Single person council tax discounts: how do they work and am I eligible?

Council tax is one of the big bills most of us have to pay every month, so it’s useful to see if you are eligible for discounts.

Council tax was just one of a host of household bills which rose in cost last year, with typical bills increasing by an average of 5.1% back on 1 April 2023.

While it’s important to check you’re in the right council tax band, it’s also useful to establish if you qualify for any discounts to your council tax bill, such as the single person council tax discount.

There are other ways to get a reduction on your council tax bill which are worth checking too.

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How does the single person council tax discount work?

The single person discount is a reduction of your council tax bill, applicable to people who live alone in a property.

Council tax assumes that at least two adults live in your property. But if you are living alone, or with someone who may not be counted for council tax purposes, then you could receive the discount.

“Even if you live with other people, they may not be counted for council tax purposes, so you still might be able to claim a discount,” says Laura Suter, head of personal finance at AJ Bell. 

“People living with children could claim the 25% discount – if you live with people under the age of 18, or people older than that but in full-time education, they won’t be counted for council tax purposes”. We explain more about this below.

You must genuinely live alone. You can’t claim the single person discount if, say, the person you live with is working away or gone on holiday.

How much is the single person council tax discount and how far back can I claim it?

The single person discount entitles you to a reduction of 25% on your council tax bill. 

If you think you may be eligible for the single person council tax discount, then you need to contact your local council. You can find their details through GOV.UK to register your claim as soon as you can.

How far you can claim back the single person council tax discount may depend on the council. Some may backdate discounts to the date of your application, while with others, it may be to the start of the current financial year, or for up to three months, in the event there is a good reason for the delay in making your claim. 

This could be in the event of a bereavement in the family or a couple splitting up with one partner moving out.

Who qualifies for the single person council tax discount?

To qualify for the single person council tax discount you must pay council tax and live alone in a property that is your sole (or main) residence.

In some cases, you can still qualify for the discount, even if you have other people living in your home with you.

This is because some people are ‘disregarded’ for council tax purposes. For example, if you have a full-time carer living with you who isn’t your spouse or partner, you can still qualify for the 25% council tax discount.

Other cases where people are ‘disregarded’ for council tax purposes include anyone under 19, full-time students at college or university, and student nurses.

How to apply for the single person discount on your council tax

You’ll need to apply to your council directly for the discount and each council has a different system, but if you look on your local council’s website or call their helpline they’ll be able to tell you how to claim.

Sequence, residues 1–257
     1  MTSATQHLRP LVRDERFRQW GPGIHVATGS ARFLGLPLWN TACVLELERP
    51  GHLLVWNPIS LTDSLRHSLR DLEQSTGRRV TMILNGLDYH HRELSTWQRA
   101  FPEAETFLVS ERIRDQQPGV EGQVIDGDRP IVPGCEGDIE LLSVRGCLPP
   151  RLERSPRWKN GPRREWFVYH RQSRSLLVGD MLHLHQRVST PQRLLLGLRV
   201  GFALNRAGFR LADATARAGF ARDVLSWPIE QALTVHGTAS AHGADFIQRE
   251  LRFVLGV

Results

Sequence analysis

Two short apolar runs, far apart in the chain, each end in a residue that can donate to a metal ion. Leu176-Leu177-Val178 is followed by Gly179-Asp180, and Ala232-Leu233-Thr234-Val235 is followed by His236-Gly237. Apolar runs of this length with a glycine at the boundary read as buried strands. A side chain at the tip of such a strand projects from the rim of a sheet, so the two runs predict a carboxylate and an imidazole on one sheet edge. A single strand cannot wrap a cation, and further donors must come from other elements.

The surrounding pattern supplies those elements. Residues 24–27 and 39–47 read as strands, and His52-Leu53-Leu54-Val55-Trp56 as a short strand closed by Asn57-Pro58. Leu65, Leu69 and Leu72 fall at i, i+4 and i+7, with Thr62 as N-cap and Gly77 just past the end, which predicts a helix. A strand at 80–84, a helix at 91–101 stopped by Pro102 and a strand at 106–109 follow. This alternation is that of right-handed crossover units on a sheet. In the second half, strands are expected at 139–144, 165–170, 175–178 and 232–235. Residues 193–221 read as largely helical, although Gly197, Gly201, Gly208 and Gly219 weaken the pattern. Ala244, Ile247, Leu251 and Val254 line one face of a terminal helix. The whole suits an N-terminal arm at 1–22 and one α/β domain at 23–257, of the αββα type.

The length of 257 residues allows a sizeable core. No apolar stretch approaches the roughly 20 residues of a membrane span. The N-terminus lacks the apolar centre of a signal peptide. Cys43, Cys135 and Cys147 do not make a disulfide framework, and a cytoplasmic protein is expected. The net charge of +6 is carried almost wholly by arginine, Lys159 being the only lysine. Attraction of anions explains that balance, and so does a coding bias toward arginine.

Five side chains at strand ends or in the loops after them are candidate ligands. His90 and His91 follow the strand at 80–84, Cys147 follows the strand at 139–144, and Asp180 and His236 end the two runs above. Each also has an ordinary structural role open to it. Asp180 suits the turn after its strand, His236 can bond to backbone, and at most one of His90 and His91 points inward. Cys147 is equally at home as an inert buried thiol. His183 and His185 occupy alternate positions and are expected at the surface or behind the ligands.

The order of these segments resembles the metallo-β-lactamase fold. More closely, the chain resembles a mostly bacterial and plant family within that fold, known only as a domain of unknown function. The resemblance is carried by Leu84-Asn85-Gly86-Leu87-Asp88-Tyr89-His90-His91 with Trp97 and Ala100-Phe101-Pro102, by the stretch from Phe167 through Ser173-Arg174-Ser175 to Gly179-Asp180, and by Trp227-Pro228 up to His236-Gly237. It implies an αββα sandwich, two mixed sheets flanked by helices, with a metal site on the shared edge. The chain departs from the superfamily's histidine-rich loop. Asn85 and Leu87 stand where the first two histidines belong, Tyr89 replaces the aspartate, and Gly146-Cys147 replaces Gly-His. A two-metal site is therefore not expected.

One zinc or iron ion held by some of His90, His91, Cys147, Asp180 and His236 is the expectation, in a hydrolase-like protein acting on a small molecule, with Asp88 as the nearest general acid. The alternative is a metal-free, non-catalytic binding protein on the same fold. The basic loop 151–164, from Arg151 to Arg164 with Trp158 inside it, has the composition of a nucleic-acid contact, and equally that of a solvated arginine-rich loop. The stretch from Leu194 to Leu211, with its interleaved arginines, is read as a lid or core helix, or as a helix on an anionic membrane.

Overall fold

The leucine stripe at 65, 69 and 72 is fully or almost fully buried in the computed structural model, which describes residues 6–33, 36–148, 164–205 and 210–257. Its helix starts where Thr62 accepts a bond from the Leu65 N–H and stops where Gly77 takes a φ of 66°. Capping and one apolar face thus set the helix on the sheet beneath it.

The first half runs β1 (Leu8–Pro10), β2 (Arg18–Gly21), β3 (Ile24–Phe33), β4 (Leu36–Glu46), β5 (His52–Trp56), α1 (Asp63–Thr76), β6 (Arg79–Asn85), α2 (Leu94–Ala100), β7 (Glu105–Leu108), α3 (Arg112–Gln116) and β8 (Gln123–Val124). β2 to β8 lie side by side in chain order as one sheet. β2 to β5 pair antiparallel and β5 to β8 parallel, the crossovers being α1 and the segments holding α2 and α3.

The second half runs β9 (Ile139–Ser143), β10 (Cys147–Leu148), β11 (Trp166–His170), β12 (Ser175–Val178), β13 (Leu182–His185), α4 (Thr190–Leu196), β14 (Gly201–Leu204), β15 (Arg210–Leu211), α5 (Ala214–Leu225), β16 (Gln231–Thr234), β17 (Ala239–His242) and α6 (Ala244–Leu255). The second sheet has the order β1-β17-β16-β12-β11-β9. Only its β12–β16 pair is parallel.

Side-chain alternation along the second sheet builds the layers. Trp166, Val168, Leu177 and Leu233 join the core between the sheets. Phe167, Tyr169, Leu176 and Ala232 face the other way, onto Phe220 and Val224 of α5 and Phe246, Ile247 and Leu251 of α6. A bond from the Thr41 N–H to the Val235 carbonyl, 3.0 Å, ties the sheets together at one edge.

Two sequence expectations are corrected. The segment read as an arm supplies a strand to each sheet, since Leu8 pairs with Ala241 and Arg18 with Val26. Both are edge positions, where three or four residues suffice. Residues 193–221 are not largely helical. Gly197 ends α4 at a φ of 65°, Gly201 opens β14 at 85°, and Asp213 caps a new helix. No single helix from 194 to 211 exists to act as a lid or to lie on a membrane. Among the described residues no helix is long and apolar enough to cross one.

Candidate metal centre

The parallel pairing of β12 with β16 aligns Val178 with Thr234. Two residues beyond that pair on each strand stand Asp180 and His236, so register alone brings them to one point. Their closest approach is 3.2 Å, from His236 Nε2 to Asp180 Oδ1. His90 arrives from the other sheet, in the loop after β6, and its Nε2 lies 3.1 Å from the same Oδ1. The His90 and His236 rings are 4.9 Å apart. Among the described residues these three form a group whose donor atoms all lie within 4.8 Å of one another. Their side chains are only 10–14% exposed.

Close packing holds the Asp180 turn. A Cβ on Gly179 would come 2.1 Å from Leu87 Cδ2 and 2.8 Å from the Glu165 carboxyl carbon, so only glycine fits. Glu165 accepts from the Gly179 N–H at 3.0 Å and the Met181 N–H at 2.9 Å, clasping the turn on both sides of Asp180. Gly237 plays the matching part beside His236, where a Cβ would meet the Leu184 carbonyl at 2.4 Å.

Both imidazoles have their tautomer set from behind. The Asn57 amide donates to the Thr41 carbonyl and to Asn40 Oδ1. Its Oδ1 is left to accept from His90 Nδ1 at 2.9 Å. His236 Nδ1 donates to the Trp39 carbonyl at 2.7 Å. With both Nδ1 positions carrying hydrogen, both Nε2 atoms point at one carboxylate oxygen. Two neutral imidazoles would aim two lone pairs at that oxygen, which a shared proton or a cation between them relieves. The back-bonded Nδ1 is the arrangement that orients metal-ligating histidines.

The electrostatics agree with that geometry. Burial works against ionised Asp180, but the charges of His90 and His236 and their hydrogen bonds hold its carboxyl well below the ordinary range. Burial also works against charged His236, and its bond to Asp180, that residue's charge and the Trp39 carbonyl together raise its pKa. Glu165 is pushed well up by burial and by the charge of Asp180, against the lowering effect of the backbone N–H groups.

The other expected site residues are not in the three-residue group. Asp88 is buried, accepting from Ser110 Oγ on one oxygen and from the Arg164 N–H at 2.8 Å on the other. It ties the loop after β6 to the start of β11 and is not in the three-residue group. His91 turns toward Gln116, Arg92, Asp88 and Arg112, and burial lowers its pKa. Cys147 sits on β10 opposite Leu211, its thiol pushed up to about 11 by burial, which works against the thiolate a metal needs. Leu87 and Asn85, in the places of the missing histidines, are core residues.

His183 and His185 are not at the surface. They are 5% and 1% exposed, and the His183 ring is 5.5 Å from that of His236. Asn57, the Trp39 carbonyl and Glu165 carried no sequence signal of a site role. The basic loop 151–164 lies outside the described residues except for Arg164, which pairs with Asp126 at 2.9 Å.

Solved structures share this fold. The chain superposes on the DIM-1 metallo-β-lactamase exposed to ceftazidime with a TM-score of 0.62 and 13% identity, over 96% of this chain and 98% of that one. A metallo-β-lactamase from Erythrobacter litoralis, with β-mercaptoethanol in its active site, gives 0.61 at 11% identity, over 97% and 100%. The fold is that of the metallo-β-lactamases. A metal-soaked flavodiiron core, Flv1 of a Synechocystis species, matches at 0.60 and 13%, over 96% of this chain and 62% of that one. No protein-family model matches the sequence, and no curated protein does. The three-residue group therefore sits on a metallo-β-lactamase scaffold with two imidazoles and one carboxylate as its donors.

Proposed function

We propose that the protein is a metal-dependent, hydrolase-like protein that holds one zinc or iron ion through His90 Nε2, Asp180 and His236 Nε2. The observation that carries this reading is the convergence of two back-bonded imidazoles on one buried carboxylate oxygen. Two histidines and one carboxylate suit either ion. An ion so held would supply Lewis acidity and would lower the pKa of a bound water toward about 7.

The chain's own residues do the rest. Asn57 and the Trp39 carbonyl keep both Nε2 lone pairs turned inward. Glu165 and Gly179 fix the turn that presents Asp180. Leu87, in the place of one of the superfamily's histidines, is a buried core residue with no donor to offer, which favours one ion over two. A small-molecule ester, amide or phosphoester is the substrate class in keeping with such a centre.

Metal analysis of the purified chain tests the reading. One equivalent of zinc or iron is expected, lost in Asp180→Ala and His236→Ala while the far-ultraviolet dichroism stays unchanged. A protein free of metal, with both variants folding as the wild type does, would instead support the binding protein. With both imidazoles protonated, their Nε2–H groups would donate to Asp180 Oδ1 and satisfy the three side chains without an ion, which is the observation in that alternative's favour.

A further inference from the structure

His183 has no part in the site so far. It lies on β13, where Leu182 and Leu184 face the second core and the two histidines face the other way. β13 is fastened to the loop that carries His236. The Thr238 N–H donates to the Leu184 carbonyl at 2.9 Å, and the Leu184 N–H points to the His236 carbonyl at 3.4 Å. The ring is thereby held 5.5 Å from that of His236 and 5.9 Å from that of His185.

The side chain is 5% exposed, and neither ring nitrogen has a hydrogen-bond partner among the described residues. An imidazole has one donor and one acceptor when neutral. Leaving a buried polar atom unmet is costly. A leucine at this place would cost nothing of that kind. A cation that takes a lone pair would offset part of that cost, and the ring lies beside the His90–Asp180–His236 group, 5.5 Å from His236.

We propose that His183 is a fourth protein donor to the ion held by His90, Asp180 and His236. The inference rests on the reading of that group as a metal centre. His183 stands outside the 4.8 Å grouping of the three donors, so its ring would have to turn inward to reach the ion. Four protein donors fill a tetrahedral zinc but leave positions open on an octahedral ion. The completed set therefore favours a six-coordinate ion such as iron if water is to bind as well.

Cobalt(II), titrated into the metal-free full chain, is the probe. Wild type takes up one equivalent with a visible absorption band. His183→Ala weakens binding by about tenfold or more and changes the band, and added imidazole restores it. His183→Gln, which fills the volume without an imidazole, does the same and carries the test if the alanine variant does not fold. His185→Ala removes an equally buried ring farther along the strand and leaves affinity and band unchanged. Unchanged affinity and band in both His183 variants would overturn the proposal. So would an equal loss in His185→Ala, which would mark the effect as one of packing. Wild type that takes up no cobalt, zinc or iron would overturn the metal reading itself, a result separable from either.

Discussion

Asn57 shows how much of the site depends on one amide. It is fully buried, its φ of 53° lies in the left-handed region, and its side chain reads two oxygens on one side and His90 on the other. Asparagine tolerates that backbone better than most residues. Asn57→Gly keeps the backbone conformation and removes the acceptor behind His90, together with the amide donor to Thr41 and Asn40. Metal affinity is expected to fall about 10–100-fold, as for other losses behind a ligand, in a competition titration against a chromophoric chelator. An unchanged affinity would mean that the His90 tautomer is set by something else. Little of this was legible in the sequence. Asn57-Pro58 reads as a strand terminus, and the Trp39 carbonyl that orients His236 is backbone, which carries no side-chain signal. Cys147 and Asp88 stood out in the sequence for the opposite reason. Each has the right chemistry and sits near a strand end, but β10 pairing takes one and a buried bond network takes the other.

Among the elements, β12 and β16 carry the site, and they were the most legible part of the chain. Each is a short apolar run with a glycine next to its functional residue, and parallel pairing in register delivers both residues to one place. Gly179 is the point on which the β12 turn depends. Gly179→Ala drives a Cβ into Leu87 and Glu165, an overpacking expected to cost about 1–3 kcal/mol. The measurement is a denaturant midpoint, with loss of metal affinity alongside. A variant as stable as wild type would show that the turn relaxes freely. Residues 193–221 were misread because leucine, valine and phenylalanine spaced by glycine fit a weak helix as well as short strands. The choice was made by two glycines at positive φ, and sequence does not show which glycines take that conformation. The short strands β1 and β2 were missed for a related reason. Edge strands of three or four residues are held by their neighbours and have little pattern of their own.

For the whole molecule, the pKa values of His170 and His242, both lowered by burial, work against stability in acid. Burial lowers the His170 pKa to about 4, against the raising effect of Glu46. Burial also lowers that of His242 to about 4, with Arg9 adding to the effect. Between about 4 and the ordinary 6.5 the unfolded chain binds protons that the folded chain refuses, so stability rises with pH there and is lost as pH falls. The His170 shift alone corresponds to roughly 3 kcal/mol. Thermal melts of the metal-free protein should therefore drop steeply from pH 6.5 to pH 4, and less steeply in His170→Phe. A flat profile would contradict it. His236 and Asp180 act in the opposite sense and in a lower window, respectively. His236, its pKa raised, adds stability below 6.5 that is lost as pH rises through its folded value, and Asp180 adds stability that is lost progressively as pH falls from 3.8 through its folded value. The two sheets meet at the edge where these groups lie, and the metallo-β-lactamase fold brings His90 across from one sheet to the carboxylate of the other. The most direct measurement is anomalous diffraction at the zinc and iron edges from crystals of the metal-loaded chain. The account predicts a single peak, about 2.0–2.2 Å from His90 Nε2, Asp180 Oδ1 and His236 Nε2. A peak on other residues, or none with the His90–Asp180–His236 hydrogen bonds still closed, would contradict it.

If you’re not sure which council area you live in, and can’t find your latest council tax bill, you can find out by using the government’s postcode checker.

Once on your local council website, search for the ‘council tax’ option and find the link to apply for a single person discount.

If you’re in the process of applying for a single person discount, you should keep up your usual monthly payments until you receive confirmation that any discount has been granted by your council, along with the revised monthly payments.

Can I still get the single person council tax discounts if my circumstances change?

If your circumstances change then it’s important to contact your council to inform them. For example, that your child who was in full-time education leaves college and starts working, or a new partner moves in with you.

Failure to do so could mean you are later fined and have to pay back the discount.

Even if the person who moves in is ‘disregarded’ for council tax purposes, you should still inform your council, though you shouldn’t lose any discount.

Don’t be tempted to try to cheat the system. In some cases, councils may carry out regular reviews on those claiming the single person discount to verify details are still correct.

Other council tax discounts

There are other discounts available worth between 25% and 100% of your bill, depending on your financial situation and living circumstances.

If you, or someone you live with is disabled, you may be eligible for the disabled band reduction scheme. This can mean paying a lower band of council tax – for example, being moved from Band D to Band C.

If every adult in the household is a full-time student, you can claim a 100% council tax exemption. Check the rules carefully, as everyone must be taking a full time university or college course and provide proof to claim the exemption.

If you’re on benefits or a low income you may be eligible for a council tax reduction. In some cases this can mean your bill being reduced by up to 100%.

Also, when selling a property after someone’s died, there’s no council tax liability until after probate, providing the property stays empty. Beyond this, some councils may allow a six month council tax exemption if the property is empty and still in the name of the deceased. 

See ways to get a reduction on your council tax bill for more.